The first detailed analysis of the press industry’s own plan for press regulation – the scheme proposed by the papers to the Leveson inquiry – indicate that it would be dominated and controlled the big newspaper companies and would barely be an improvement on the discredited Press Complaints Commission.
The study of the so-called Black plan by the Media Standards Trust, which can be read in full here, leaves little doubt that the aim of editors and proprietors is to give the appearance of independence to their proposed new body, but to retain for themselves the power to be judge and jury in their own court.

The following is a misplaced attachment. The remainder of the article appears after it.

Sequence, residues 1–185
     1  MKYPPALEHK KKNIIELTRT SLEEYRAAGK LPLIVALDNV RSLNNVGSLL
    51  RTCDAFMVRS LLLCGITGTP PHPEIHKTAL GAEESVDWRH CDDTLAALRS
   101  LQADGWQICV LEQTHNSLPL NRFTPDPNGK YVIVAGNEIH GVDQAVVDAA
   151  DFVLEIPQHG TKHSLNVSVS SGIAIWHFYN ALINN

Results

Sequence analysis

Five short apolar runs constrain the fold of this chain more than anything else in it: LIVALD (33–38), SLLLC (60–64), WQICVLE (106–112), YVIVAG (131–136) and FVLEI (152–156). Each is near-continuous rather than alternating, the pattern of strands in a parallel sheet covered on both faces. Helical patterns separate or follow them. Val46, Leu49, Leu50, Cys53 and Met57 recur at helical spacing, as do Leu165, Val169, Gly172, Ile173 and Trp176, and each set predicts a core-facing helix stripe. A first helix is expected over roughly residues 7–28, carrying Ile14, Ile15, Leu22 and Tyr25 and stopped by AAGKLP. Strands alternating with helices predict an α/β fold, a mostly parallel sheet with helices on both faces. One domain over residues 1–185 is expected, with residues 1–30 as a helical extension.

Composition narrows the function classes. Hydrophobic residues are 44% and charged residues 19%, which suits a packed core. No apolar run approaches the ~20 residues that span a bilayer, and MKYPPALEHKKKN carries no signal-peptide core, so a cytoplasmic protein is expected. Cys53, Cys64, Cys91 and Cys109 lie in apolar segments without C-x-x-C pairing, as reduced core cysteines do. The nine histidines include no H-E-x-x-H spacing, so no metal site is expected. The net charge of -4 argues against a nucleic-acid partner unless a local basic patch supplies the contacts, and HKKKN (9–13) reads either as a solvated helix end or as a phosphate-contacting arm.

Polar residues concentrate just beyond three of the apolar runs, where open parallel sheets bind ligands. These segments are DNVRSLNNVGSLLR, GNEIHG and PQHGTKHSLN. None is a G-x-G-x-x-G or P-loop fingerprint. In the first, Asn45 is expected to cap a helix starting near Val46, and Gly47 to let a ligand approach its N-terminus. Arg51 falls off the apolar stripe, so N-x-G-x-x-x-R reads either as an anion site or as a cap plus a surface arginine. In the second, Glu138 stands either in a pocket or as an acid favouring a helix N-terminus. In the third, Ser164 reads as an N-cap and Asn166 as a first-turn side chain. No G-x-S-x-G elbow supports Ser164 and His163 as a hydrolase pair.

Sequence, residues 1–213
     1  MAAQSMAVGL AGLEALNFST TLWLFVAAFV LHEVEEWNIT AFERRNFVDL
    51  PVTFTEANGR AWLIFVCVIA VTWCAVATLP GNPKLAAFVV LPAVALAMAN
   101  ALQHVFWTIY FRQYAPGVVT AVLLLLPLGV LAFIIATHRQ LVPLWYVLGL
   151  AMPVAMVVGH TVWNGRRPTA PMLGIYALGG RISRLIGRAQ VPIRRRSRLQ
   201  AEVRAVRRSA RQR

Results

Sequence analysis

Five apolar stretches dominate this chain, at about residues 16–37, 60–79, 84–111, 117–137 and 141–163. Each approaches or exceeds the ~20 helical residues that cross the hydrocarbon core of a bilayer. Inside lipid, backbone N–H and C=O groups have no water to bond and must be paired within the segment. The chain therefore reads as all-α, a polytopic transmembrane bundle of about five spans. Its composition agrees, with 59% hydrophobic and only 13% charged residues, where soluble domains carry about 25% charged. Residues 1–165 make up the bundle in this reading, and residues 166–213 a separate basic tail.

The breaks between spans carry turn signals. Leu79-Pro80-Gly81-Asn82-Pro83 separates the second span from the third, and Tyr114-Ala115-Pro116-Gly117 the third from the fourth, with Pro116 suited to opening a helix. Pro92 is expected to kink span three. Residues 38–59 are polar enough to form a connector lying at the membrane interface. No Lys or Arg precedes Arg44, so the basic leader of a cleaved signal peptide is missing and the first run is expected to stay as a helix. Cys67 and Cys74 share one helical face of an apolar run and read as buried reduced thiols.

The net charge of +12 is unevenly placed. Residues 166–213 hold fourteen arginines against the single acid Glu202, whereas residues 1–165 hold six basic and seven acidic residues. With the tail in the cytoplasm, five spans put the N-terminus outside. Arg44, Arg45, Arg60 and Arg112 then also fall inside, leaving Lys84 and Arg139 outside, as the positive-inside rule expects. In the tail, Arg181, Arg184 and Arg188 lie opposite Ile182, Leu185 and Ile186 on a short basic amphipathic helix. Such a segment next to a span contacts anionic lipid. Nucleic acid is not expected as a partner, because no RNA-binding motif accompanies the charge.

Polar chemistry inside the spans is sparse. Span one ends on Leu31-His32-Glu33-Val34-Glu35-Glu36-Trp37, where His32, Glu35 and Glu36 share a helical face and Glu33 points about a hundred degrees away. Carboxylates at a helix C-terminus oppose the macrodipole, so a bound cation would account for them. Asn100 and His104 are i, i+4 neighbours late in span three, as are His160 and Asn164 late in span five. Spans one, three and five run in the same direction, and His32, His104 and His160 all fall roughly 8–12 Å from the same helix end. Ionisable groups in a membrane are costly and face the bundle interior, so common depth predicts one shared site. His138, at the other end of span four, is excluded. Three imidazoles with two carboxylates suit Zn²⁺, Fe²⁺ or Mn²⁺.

It identifies ten serious failings:
- It is not (as advertised) a ‘new system entirely’
- It is not independent
- It maintains the dominance of the key vested interests
- The incentives to participate will damage journalistic freedom
- A news organisation can effectively buy itself out of the contract
- It is unwieldy, bureaucratic, and significantly under-costed
- Its powers of sanction are limited and unspecified
- Third parties will find it as hard as before, if not harder, to complain
- It remains mediation not regulation
- It has a five-year sell-by date
As well as these flaws, it is important to remember that the plan has already been rejected by the victims of phone hacking and press abuse in a letter to David Cameron. Read their arguments against the proposals here.